Data on Wednesday showed headline consumer price inflation fell to 1.5 percent in the year to June from an annual 2.2 percent a month ago and below forecasts for a 1.6 percent reading. That’s below the RBI’s medium term target of 4 percent and through the bottom of its 2 percent projection for the first-half. Core inflation, which strips out volatile food and fuel items, also slipped below 4 percent.

     

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    Email of the day on rare earth metals

    Rare earths are in increasing demand in several fields of high tech.  Lynas Corporation, the world’s biggest rare earths producer outside China, has had a chequered life but under new management appears poised to benefit substantially.  It may be of interest.  A copy of its Quarterly Activities Report taken from the company’s web site ( https://www.lynascorp.com ) is attached.

    Needless to say, I am long this stock.

     

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    Email of the day on David's recovery and industrial automation:

    I hope you are well and that David is recovering / progressing well.

    I was just thinking about your theme of cheap local robotic manufacturing and our Brexit.

    It another thing to our advantage as we will become less reliant on German and EU manufactured goods. Plus long term, it will effect Germany quite a bit, won't it?

     

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    Yellen Sees Inflation as Key Uncertainty, Amid Moderate Growth

    This article by Craig Torres and Christopher Condon for Bloomberg may be of interest to subscribers. Here is a section:

    A faster pace of global growth should support U.S. exports, she said, and a recovery in drilling activity should support business investment.

    “These developments should increase resource utilization somewhat further, thereby fostering a stronger pace of wage and price increases,” she said.

    Yellen said the central bank’s policy rate “would not have to rise all that much further” to get to a rate that keeps supply and demand in balance in the economy. Eventually, “factors,” which she did not specify, holding down the so-called neutral rate will diminish over time, she said, which supports the Fed’s case for continued rate hikes over the next couple of years.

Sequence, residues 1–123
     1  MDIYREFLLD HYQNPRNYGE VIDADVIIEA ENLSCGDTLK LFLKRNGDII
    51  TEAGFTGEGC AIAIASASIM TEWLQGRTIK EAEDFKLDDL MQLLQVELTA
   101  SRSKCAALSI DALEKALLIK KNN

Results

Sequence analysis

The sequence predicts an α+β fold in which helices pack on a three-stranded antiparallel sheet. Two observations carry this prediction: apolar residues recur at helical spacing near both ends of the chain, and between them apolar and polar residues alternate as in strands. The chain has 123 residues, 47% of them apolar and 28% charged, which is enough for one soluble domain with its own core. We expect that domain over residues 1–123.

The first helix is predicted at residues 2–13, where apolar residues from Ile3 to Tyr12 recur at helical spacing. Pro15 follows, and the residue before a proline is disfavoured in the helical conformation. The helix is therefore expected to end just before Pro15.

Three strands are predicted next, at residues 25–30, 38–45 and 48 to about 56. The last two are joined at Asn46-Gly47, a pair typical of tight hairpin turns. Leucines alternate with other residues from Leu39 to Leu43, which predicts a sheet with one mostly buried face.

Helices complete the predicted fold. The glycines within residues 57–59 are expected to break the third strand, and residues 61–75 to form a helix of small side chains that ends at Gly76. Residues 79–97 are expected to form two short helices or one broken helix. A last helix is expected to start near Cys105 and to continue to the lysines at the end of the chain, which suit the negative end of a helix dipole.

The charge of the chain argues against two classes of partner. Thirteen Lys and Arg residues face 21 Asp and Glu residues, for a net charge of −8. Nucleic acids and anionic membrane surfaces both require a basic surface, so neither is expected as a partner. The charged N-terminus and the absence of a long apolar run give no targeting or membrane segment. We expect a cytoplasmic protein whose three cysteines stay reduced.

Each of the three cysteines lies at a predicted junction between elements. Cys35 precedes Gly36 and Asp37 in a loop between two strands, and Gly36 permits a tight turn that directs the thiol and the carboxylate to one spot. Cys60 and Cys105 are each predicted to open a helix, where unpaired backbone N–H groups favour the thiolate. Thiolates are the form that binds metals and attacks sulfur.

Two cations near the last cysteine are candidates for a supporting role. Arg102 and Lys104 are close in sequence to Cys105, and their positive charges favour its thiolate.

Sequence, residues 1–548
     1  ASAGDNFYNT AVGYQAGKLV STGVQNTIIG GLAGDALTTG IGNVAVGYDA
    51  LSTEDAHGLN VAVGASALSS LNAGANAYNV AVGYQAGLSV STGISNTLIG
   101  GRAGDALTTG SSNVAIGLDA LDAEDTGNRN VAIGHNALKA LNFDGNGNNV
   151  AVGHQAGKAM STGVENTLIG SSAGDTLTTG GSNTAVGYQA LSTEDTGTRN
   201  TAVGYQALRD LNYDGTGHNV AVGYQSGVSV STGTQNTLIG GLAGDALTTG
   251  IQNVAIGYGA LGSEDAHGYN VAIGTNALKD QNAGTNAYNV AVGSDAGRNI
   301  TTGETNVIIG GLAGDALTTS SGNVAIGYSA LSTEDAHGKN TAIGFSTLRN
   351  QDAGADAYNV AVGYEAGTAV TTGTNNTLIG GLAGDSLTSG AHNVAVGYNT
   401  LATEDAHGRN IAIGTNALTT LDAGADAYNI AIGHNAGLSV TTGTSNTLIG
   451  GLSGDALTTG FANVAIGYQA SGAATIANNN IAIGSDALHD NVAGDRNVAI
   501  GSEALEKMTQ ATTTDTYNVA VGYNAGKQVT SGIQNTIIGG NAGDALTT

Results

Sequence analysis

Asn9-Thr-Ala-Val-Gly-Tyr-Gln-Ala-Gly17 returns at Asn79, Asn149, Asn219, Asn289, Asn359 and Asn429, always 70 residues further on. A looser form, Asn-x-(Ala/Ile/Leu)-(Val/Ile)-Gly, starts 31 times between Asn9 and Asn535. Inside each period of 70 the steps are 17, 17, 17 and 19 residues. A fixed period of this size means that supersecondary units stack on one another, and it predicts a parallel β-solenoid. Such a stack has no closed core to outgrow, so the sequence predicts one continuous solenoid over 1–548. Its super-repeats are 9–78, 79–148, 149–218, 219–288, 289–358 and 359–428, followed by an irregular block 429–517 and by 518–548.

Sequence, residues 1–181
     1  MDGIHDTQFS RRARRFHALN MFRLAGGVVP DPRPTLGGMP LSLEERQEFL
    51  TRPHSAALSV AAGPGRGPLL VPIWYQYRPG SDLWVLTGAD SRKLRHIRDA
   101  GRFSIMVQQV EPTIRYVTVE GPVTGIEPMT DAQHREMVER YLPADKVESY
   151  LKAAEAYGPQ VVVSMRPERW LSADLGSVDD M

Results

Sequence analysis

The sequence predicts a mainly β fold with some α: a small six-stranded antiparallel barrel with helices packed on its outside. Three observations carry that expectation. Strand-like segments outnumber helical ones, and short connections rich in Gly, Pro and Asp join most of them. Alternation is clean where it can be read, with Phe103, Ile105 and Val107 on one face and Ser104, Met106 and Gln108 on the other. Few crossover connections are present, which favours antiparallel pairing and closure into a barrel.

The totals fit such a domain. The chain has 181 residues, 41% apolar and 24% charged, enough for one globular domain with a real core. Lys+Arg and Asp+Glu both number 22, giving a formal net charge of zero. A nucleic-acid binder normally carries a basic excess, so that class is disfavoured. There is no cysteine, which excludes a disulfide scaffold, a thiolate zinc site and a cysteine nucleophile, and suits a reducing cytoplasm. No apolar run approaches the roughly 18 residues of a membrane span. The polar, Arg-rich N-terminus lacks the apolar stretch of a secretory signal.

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    Email of the day on the future of electric vehicles

    I thought you would be interested in this story from The Times. It’s a UK perspective but made a point about lithium battery technology that hasn’t been much aired. Perhaps because I haven’t heard much about alternative battery technology. I’d be interested in your take on it.

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    Pepsi Says It's Facing the Same Trends That Are Battering Retail

    This article by Janet Freund for Bloomberg may be of interest to subscribers. Here is a section: 

    Retail’s “shifting sands and macro headwinds will make near-term earnings beats challenging” for PepsiCo, Wells Fargo analyst Bonnie Herzog said in a note to clients. Still, PepsiCo gets a large proportion of revenue from snacks, which are easier to sell online than beverages, she said. That means the company is better positioned to adapt than some of its peers.

    PepsiCo’s comments were similar to those made by Coca-Cola CEO James Quincey, who told Bloomberg in May that when shoppers skip trips to the local mall and shop online, they also forgo buying Coke at a vending machine or food court. Coca-Cola investors will be watching to see how that may hurt second-quarter results on July 26.

    Nooyi’s remarks were “an acknowledgement to the intensifying competitive environment that will likely get more so with Amazon involved,” Bloomberg Intelligence analyst Ken Shea wrote in an email. Still, some consumer products companies will be more vulnerable than others to change, and PepsiCo’s “huge distribution reach and agility arguably make it less vulnerable” to changing shopper behavior than its peers, he said.